Saturday, October 4, 2008

All we ever did was hide.

4 October, 1977 / 5:49pm.

In an effort to control the flow of blood from becoming a problem, I raced across the back lawn behind the church with one hand pressed uncomfortably down the front of my pants so that I could hold a wet kitchen rag against the wound without getting getting my pants damp enough for anyone to notice the spot.

Because of the strain this put on my movement, it looked like I was crippled. A crippled kid charging by the birdbath and small fountain where I could have stopped a bit to rinse out the rag if I'd felt that I had time enough.

It took a bit more energy to hop the fence without ripping my suit or getting it dirty. But once off church property, I kept my hand out from my pants, took off the jacket and button-up so that I wore only the thin white undershirt now and I ran for the market over on the other side of the ravine. Despite the dress shoes, I crossed the moldy log without a problem. If I'd have slipped and fell into the shallow mud of the ravine, that might have been an excuse not to attend the funeral, but it would not have kept me out of trouble, and probably might make it worse. So I was persuaded to do the only thing I possibly could to preserve some kind of anonymity for the next couple hours, and I ducked into the market, swept swiftly through the aisles until I had a small black dish towel, some black thread and a needle, and I stuffed it all into my pocket and just ran for dear life out the the way I came in, through the front door.

I didn't hear a word of protest, though at least five people probably saw me running. They would have no way of knowing what I'd lifted unless they caught me, but I had no intentions of being caught. I only hoped that no one from the church had been there to spot me out.

At an even thousand miles per hour, I doubled around the corner, flew down the sidewalk bordering the store, toward the back lot. Into the small thicket of woods and toward the stump where the bundle of my overclothes were waiting. Without re-dressing I made it back across the log (again, without a single slip), paced unevenly across the lawn again.

But this time I hid in the tall circle of bushes that surrounded all but the entrance of the fountain. There, I pulled my pants off, wiped the sweat from my face with the stolen black dish rag and then tied it around the knife wound on my thigh. Satisfied that I would not be bleeding during the funeral, I then set to mending the hole in my pants where the knife had slid through and ripped it up. I'd never sewn anything up before, so this took the longest. Actually, getting the black thread through the pinhole of the needle took the longest. I pricked my finger a couple dozen times in the process.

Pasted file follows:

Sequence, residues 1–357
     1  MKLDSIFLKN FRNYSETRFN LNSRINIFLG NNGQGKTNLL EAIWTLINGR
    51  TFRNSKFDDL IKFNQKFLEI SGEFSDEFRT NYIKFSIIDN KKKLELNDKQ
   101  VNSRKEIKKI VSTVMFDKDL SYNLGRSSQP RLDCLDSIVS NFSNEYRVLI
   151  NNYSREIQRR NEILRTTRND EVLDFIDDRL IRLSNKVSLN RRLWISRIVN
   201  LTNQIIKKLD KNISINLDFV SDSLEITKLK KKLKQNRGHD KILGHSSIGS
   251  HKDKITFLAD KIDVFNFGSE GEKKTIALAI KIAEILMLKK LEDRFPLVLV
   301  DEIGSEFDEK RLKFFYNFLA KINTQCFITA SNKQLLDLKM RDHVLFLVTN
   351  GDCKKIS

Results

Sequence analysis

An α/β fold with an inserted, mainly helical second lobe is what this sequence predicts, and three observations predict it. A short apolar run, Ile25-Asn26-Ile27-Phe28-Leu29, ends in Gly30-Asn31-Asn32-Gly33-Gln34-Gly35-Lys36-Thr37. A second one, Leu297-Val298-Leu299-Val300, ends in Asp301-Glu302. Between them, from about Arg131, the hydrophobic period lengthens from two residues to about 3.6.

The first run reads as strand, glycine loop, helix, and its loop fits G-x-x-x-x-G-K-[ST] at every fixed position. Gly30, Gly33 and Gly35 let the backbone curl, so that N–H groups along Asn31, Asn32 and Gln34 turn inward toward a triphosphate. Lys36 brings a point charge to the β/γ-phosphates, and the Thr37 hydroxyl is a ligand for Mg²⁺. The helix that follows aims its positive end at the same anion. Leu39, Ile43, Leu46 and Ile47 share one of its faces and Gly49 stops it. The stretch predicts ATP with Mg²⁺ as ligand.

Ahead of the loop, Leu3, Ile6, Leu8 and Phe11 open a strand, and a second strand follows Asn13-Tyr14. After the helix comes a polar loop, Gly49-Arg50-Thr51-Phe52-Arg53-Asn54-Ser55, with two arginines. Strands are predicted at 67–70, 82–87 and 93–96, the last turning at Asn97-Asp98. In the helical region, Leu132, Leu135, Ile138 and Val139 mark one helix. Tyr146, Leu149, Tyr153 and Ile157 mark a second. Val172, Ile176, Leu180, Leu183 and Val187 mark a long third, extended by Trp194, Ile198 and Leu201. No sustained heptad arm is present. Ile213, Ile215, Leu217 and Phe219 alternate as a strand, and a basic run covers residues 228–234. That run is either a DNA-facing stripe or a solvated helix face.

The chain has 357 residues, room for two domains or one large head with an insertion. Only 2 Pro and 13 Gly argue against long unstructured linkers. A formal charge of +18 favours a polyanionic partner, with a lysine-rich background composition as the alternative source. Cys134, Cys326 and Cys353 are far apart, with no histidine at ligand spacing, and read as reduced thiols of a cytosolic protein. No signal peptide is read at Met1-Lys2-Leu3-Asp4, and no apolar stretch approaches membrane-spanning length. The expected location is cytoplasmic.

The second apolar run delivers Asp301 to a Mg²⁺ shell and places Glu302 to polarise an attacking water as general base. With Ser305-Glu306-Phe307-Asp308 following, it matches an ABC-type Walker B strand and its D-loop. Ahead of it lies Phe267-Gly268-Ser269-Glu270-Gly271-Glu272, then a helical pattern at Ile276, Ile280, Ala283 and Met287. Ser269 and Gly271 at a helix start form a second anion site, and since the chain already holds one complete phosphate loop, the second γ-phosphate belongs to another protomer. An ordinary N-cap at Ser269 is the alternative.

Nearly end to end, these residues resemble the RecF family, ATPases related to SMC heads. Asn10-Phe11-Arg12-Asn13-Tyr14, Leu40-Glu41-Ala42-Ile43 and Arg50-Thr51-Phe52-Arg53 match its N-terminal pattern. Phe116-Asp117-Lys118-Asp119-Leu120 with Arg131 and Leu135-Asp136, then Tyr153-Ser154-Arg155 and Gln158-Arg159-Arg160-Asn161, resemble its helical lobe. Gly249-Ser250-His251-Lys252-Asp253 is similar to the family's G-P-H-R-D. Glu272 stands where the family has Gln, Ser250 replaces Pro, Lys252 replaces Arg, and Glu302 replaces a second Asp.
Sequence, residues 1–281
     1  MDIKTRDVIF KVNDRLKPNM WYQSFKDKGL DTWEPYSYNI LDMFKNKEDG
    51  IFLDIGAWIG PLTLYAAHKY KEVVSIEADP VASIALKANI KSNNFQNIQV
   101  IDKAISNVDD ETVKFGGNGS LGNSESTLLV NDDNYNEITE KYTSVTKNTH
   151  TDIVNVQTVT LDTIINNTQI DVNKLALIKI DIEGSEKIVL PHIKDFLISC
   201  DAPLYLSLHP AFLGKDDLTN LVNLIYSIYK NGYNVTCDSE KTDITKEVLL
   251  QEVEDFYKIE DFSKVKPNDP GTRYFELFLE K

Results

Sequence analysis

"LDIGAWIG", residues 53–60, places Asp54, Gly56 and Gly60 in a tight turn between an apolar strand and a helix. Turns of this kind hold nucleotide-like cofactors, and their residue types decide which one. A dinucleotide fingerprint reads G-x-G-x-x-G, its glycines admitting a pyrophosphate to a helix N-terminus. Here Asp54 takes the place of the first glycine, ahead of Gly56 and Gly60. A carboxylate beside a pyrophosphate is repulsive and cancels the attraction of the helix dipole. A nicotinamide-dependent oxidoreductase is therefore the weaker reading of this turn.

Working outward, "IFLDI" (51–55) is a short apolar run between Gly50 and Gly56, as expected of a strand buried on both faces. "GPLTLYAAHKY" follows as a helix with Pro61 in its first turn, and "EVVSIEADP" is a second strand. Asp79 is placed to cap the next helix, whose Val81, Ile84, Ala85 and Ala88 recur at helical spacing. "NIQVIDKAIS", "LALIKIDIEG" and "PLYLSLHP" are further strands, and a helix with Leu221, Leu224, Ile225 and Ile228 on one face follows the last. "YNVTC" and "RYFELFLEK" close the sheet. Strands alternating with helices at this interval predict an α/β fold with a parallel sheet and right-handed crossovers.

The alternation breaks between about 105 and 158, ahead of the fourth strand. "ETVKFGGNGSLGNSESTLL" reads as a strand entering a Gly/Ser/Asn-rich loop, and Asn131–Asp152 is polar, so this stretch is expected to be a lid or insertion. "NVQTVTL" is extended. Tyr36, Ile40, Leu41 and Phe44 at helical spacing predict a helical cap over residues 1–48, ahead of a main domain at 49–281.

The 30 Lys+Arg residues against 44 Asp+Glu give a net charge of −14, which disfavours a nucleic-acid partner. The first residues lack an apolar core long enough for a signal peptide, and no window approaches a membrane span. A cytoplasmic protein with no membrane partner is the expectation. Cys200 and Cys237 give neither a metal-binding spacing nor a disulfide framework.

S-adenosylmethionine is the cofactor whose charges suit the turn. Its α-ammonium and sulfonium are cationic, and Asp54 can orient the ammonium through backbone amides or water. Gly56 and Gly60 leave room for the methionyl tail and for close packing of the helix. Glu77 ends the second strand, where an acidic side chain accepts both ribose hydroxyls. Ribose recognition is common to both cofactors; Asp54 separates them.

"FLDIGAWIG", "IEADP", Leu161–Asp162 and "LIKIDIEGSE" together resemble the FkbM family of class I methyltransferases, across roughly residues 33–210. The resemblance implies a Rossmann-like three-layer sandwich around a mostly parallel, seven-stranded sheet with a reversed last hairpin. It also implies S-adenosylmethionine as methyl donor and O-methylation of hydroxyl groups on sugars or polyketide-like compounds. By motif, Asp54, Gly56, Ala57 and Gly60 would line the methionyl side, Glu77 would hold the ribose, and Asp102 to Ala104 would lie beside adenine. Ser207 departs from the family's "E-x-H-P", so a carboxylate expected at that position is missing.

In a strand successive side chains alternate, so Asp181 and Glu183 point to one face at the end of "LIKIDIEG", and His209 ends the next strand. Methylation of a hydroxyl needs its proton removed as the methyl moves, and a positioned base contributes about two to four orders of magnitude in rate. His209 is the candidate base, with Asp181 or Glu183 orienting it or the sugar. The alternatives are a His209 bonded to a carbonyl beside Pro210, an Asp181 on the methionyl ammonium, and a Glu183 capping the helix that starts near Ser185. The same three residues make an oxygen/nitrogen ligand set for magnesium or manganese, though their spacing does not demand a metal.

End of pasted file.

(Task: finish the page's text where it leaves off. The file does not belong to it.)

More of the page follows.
By the time I showed up at the chapel, people were just beginning to take their seats. My face felt itchy under the quick rinsing job I'd done in the fountain, probably because of how dirty the water was and the fact that a cat or something had pissed in it.

But I looked clean, well-dressed and I'd caught my breath again.

I knew that the older kids wouldn't saying anything about the fight, at least not during the funeral, and this would all pass slowly and my leg would hurt really bad, but eventually it had to be over and I would be able to go home, put on some jeans and then pretend to go out to play, and I could come home bleeding, finally, and I could say I'd cut myself while playing and then my parents would take me to the hospital and I wouldn't be forced into ratting out the older kids.

And maybe if or when I got a little older, I would get them back later. But probably not. I'd slashed their bike tires last week for no good reason at all and although I think turning the knife on me was a little extreme, I had deserved some of it, and anyway, it could have been a lot worse if I hadn't ran. In fact, when I tried to run in the first place was how I got cut, so maybe it could or couldn't have been worse. They might not have wanted to do anything but scare me and maybe fuck up my suit. It's over now, anyway.

I only hoped that I could get through the damned funeral without anyone noticing. Or before I passed out. My leg throbbed badly by the time I took a seat at the back of the church and curled up in the pew and agonized over the pain while everyone else looked forward and cried for the dead kid in the open casket. His sisters and parents were surrounded by people and they were all being hugged and kissed and paid attention to in ways that made me feel pretty left out.

I'll see you later,

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